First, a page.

A former chief minister of Indian-controlled Kashmir, Omar Abdullah, has said that blaming Pakistan for the onoing protests in the disputed Himalayan region is ‘living in denial’.
New Delhi has accused Islamabad of fuelling unrest in Kashmir triggered by the killing of a young separatist on July 8. More than 60 civilians have been killed in clashes between protesters and police since then.
“The current agitation is not the product of Pakistan,” Abdullah told Indian news channel in an interview on Monday. “Blaming Pakistan for these protests is living in denial,” he added. “Glut of youth [are] ready to pick up guns. Parents can’t control teens, they may share their anger.”
Earlier this month, the Indian police booked Amnesty International on sedition charges after students raised slogans in favour of freedom during an event at the United Theological College in Bengaluru.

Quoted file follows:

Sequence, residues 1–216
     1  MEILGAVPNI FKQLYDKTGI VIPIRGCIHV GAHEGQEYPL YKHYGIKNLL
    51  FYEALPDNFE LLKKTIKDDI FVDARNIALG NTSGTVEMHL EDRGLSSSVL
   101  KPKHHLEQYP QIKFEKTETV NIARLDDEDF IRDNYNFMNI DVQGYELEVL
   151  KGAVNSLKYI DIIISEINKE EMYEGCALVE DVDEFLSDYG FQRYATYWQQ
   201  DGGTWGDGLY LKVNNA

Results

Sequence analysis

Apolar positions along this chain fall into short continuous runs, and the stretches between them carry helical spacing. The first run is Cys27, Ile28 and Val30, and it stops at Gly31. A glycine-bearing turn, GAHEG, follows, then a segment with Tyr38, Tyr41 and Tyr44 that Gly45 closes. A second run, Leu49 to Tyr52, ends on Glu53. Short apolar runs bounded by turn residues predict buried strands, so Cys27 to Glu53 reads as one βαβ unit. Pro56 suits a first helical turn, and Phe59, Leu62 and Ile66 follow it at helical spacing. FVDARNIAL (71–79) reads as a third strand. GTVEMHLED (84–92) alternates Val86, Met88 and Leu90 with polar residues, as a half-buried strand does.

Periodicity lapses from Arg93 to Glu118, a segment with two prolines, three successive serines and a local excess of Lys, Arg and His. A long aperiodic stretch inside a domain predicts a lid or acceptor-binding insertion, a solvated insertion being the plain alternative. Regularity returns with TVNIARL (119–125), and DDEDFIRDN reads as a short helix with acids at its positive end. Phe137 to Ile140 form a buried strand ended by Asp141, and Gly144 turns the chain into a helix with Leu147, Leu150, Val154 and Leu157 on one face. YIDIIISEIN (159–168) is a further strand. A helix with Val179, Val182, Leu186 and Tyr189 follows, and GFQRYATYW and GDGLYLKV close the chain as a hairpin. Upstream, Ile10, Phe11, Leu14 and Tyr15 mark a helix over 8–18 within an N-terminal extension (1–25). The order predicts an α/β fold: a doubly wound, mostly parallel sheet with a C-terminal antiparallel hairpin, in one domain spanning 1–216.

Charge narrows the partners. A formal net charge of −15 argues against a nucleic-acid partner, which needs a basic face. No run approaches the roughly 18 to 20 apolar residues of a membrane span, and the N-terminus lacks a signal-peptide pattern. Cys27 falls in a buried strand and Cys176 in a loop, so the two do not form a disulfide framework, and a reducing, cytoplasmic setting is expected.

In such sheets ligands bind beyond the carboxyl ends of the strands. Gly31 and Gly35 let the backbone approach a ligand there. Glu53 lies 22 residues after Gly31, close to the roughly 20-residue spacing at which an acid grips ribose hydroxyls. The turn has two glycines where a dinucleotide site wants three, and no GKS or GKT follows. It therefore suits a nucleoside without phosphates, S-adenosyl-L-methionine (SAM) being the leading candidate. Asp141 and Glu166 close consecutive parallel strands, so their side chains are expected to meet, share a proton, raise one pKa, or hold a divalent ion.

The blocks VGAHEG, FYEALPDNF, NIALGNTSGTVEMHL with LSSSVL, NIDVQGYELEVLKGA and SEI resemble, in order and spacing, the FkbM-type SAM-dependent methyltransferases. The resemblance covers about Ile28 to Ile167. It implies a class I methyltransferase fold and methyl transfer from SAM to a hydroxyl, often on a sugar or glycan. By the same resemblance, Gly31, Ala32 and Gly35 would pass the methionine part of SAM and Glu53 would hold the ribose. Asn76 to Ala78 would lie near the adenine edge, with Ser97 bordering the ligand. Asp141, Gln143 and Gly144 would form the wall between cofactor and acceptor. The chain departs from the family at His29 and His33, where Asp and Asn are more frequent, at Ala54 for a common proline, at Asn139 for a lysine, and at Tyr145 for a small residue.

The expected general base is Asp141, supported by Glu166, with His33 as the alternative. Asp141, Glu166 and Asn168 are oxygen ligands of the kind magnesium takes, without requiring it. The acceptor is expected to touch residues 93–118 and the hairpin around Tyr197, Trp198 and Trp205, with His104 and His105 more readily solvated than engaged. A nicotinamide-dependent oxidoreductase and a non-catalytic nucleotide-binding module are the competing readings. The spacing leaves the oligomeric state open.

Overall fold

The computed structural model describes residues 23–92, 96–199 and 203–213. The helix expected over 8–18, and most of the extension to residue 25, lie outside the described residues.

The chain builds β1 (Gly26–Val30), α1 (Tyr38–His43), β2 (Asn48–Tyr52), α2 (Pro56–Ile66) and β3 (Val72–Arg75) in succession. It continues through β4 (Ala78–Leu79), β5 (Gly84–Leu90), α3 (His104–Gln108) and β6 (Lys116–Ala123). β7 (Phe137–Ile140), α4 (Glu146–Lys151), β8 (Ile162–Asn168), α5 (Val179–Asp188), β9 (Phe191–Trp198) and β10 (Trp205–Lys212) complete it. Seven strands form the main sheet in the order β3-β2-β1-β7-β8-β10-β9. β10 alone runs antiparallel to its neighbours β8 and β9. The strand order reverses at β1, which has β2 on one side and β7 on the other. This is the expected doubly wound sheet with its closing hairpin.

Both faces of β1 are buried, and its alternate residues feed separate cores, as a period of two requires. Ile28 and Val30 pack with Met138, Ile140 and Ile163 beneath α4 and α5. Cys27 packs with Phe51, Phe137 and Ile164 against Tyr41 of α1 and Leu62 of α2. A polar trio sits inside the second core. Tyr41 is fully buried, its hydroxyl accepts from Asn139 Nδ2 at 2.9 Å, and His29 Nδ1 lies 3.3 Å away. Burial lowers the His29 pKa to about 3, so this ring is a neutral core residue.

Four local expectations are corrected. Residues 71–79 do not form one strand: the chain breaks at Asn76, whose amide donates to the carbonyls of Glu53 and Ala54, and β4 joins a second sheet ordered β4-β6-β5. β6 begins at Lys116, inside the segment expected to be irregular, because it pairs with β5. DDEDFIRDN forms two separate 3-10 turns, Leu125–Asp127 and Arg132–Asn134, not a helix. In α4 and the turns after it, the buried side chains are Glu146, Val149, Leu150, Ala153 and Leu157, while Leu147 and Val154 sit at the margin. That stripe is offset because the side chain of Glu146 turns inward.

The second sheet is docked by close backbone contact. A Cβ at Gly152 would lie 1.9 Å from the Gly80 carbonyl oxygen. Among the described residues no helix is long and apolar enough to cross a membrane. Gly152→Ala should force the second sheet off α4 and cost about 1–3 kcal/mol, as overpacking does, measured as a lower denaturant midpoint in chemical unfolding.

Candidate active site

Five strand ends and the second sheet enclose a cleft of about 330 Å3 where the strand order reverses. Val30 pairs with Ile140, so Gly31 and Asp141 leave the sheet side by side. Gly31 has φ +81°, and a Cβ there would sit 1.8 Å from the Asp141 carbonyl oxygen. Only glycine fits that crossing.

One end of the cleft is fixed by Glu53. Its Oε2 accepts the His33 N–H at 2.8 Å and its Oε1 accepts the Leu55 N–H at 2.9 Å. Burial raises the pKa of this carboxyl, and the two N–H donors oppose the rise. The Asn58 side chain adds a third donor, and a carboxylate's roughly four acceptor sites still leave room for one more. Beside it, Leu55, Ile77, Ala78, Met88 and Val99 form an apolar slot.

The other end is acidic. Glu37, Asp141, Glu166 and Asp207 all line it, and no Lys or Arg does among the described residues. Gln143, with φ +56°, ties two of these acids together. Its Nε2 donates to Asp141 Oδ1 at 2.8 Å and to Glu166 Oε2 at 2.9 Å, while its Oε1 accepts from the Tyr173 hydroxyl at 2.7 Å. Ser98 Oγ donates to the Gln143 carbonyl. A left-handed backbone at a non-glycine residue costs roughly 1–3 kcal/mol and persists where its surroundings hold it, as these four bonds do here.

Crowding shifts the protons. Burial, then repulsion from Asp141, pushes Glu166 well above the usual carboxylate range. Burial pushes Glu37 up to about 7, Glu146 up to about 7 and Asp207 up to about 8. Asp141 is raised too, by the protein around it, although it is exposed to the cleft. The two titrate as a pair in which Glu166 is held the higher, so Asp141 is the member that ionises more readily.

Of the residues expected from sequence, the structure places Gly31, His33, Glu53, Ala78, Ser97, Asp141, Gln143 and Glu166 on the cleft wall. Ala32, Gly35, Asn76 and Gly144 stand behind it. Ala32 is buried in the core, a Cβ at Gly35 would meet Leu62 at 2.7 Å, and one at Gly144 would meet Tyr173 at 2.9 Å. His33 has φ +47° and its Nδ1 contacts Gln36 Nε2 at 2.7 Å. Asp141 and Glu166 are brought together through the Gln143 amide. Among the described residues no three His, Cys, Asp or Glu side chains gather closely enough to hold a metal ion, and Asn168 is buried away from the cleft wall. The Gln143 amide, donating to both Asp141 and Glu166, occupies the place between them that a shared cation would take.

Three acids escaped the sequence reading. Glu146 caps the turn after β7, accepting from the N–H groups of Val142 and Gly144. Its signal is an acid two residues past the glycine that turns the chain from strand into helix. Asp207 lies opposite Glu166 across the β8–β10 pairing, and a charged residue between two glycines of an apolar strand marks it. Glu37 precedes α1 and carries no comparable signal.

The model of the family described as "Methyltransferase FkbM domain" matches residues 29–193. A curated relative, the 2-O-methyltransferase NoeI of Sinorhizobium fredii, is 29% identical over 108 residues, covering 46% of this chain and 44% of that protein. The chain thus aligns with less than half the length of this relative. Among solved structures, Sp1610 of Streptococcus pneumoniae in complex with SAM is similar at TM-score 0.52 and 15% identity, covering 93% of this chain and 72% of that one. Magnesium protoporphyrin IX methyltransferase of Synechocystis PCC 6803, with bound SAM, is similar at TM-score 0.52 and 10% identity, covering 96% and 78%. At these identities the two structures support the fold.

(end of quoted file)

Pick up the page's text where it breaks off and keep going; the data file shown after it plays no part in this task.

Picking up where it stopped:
“We can’t lecture Pakistan, preach to Nepal and Sri Lanka while we book Amnesty for sedition at home,” said Abdullah, who heads the opposition National Conference party.
“We are quite happy to hold mirror up for other countries to take a look at. We want to remind Pakistan of its failings, we want to remind Sri Lanka of its failings, we want to preach democracy to Nepal…but when it comes to somebody holding up a mirror to us and say look this is what you have done wrong, then suddenly we have no appetite to hear it.”
Earlier in the day, Indian PM Narendra Modi met a delegation of Kashmir’s opposition leaders, led by Omar Abdullah, who called on him to rein in troops and police.
Modi stressed the need for dialogue to end the unrest in the region. “He [Modi] emphasised on the need for all political parties to work together to find a solution to the problems in Kashmir,” his office said in a statement.